Risk Factors For Major Amputation In Hospitalized Diabetic Patients With Forefoot Ulcers
Seung-Kyu Han, Kyung-Chul Moon.
Korea University Guro Hospital, Seoul, Korea, Republic of.
BACKGROUND: Compared with the midfoot and hindfoot, the forefoot is the most frequently involved region in diabetic foot ulcers. However, large-scale cohort studies specifically discussing the outcomes and characteristics of diabetic forefoot ulcers are not widely available. The purpose of this study was to investigate the risk factors for major amputation in patients hospitalized with diabetic forefoot ulcers.
METHODS: Between January 2003 and December 2018, a total of 1,792 diabetic patients were admitted to the diabetic wound center for the management of diabetic foot ulcers. Among the patients, 1,032 diabetic patients with forefoot ulcers were included in this study. Nine hundred and eighty-three patients (95%) healed without major amputations while 49 patients (5%) healed after major amputations. Data related to 88 potential risk factors including demographics, ulcer condition, vascularity, bioburden, neurology, and serology were collected from the patients in these two groups for comparison.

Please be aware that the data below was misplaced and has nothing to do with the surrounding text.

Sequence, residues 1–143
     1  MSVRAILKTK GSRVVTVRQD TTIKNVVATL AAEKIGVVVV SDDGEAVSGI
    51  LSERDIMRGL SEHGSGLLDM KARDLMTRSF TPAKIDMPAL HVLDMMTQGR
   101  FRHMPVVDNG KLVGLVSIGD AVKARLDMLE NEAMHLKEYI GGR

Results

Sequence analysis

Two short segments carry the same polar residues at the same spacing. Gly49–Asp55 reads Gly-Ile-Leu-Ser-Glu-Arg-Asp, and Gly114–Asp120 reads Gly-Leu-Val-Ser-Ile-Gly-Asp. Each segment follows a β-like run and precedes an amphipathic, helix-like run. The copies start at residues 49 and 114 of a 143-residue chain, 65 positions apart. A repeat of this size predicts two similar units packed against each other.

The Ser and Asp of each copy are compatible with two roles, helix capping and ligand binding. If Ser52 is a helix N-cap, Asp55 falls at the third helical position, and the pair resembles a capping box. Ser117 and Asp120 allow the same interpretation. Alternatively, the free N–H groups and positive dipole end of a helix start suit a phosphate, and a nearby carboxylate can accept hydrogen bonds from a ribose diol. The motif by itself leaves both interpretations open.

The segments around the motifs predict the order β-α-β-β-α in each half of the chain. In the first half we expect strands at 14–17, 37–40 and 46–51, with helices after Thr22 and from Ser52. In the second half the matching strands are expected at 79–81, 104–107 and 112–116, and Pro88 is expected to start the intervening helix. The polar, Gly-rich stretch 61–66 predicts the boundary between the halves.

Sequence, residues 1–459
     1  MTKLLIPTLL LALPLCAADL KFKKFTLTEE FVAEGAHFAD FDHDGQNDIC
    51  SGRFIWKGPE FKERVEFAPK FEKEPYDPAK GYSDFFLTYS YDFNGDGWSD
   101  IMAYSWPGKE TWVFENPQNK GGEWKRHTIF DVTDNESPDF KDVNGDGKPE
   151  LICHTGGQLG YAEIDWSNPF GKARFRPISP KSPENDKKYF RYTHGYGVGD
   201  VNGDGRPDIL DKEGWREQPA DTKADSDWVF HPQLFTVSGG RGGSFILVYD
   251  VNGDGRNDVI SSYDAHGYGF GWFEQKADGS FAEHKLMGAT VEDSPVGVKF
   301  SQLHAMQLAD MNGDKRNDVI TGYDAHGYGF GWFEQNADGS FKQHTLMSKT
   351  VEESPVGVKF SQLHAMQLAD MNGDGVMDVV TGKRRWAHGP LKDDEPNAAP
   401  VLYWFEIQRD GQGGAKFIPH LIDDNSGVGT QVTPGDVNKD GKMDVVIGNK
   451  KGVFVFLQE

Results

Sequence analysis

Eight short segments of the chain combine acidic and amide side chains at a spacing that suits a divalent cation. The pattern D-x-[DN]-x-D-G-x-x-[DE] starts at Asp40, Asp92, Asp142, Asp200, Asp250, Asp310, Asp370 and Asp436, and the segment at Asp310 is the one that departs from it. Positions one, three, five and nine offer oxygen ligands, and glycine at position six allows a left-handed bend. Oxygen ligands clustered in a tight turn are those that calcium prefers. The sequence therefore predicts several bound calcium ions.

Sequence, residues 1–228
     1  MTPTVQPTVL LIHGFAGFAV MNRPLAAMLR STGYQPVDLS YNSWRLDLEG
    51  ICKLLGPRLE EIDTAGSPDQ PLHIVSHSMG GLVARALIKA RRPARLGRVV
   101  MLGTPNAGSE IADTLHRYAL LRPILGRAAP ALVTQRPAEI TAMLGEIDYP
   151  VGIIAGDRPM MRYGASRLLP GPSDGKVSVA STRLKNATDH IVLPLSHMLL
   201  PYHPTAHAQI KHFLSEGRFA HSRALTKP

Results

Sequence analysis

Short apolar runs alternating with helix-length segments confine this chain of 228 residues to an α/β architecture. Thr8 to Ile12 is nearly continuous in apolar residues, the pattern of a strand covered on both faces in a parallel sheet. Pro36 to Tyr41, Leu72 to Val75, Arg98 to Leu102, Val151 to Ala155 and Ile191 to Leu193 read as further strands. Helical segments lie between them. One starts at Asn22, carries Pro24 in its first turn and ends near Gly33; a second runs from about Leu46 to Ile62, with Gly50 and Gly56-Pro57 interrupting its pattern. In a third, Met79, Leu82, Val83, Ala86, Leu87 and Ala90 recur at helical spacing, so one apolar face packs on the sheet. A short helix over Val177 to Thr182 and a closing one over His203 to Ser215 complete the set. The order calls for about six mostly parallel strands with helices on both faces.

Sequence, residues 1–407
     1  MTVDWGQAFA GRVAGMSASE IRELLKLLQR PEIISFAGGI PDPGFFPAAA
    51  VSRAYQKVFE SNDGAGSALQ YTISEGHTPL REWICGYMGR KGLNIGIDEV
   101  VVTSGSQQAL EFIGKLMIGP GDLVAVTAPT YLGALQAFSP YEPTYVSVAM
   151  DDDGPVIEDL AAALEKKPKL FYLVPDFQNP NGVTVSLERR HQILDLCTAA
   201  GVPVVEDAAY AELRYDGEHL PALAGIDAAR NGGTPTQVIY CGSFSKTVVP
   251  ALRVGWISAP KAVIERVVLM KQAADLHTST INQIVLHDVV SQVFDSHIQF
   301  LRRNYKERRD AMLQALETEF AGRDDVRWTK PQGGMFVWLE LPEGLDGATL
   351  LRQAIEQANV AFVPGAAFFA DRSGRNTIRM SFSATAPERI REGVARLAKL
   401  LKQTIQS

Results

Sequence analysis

RESULTS: Among the 88 potential risk factors, 34 showed statistically significant differences between the two groups. In the univariate analysis of 88 risk factors, 33 showed statistically significant differences. In stepwise multiple logistic regression analysis, four of the 33 risk factors remained statistically significant. The multivariate-adjusted odds ratios for gender, magnesium levels, platelet levels, and glycated hemoglobin (HbA1c) levels were 8.216, 2.480, 1.009, and 0.570, respectively.
CONCLUSIONS: Risk factors for major amputation in patients hospitalized with diabetic forefoot ulcers include male gender, increased magnesium, increased platelet levels, and low levels of HbA1c.
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